If you’ve been involved in a scaffold accident, you may be suffering or recovering from serious and debilitating injuries that prevent you from being able to perform your job duties. Even falls from very short distances can kill a person, cause catastrophic spinal cord damage or disabling head injuries. Let’s take a look at a few things that every employer and employee should be doing to prevent these kinds of injuries.
First, employers have a duty to ensure that everyone who erects or uses scaffolding is appropriately trained. This training is also required by safety regulations. Training should include safe practices regarding the use and construction of scaffolding, in addition to how to use safety equipment like lanyards and harnesses.
Second, workers should take the time they need to use the scaffolding safely and never rush to set it up. Legs should be plumb, braces should be secure and all decks and guardrails should be fully installed. Scrimping on safety details is always a recipe for disaster. Take the time that is required to make sure everyone is safe.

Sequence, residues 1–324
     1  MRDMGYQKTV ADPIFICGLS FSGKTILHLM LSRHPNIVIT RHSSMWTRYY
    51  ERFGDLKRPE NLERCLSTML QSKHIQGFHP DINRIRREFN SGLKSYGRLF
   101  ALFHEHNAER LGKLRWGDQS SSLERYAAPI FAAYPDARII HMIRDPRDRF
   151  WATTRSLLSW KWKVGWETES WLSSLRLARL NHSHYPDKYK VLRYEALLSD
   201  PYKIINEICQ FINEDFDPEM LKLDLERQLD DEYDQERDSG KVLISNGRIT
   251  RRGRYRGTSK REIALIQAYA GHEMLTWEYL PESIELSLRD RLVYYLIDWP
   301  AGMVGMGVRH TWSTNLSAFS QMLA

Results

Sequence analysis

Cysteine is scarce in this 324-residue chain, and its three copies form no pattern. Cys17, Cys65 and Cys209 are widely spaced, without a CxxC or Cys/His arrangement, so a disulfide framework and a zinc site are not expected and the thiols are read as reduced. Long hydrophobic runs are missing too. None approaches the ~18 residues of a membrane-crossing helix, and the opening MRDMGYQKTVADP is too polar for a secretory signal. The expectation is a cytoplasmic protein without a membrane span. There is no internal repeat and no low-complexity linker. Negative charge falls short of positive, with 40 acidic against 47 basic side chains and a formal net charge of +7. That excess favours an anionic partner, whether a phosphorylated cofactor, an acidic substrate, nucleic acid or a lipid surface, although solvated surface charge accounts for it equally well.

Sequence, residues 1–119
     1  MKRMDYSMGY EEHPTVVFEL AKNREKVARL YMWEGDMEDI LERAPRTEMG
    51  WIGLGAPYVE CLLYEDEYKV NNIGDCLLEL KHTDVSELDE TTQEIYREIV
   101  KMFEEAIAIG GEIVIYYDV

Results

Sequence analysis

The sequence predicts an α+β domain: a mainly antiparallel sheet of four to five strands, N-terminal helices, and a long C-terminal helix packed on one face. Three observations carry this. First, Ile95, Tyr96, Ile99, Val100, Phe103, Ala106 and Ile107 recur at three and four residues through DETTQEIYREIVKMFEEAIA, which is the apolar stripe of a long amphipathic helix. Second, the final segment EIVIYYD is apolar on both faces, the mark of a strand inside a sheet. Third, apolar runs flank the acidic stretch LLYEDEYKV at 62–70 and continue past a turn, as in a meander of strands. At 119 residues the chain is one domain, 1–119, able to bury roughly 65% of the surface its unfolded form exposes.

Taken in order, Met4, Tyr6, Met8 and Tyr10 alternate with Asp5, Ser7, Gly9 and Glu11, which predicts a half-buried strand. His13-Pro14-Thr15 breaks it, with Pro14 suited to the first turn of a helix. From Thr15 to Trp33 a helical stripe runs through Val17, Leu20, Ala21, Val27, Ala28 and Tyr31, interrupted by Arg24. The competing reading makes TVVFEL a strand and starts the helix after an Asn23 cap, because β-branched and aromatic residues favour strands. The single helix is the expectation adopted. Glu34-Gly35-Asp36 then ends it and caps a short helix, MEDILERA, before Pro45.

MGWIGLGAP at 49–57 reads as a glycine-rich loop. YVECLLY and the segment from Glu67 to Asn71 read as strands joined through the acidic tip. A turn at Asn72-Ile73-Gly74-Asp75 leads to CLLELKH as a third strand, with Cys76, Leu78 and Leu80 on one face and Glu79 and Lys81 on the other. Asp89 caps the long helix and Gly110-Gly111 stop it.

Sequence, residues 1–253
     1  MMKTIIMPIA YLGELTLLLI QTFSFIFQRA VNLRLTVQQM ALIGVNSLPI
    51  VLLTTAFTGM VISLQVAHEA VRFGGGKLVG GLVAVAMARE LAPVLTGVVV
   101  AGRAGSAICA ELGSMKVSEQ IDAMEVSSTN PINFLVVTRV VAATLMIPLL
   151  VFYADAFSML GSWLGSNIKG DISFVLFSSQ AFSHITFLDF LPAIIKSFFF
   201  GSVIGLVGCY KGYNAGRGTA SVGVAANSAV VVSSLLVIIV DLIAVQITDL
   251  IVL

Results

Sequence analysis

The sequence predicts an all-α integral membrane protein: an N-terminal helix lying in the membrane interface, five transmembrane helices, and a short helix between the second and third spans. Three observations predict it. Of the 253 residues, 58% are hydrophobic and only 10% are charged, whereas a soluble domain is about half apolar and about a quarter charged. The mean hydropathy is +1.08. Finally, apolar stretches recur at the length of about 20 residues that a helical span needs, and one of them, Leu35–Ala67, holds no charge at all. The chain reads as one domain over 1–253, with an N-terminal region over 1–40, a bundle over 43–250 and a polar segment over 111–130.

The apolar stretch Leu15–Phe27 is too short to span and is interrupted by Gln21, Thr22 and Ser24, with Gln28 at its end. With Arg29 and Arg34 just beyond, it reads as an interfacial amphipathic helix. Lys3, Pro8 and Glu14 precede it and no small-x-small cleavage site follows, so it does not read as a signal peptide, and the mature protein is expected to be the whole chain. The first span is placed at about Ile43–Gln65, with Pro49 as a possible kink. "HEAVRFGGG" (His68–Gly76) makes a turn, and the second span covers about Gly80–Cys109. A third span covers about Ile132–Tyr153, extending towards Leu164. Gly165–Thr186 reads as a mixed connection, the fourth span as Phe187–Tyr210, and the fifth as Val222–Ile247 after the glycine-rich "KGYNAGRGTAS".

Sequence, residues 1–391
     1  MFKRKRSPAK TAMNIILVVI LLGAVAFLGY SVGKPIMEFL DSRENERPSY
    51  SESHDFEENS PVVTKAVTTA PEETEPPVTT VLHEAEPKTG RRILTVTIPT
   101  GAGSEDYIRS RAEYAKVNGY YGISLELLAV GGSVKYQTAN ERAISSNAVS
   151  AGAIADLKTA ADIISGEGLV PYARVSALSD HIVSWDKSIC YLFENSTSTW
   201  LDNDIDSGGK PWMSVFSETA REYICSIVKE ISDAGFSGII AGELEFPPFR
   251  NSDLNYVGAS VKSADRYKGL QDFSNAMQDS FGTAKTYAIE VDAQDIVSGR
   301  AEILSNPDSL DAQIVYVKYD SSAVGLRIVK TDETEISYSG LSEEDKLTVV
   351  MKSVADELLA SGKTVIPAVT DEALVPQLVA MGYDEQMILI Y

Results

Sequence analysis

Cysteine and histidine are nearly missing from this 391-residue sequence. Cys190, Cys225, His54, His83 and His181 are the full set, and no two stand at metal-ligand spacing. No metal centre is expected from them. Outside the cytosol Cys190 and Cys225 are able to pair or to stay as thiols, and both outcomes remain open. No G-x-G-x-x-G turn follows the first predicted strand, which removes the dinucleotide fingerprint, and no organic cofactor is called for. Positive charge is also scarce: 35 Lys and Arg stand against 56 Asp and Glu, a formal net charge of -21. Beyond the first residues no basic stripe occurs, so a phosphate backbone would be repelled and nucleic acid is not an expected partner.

Third, follow the laws. Safety rules and regulations exist to make sure no one gets hurt. Although in some cases a safety detail might be skipped and nothing tragic happens, if safety rules are followed to the letter, it will prevent the vast majority of accidents and injuries. Follow the law, and avoid injury. It’s that simple.
Fourth, and finally, maintain the repair of scaffolding. When ropes start to fray, when bolts and other parts start to wear out, replace them. A competently trained individual should be in charge of regularly inspecting and maintaining the safety of all scaffolding used at every job site.
In spite of the best-laid plans — even if every safety detail is covered — scaffolding accidents can still happen. Fortunately, in these circumstances New Jersey workers will usually be covered by workers compensation insurance; therefore, workers hurt while using scaffolding can file a claim to seek money to pay for their injuries.
Source: cos-mag.com, “10 scaffold safety essentials,” Michelle Mora, accessed July 06, 2016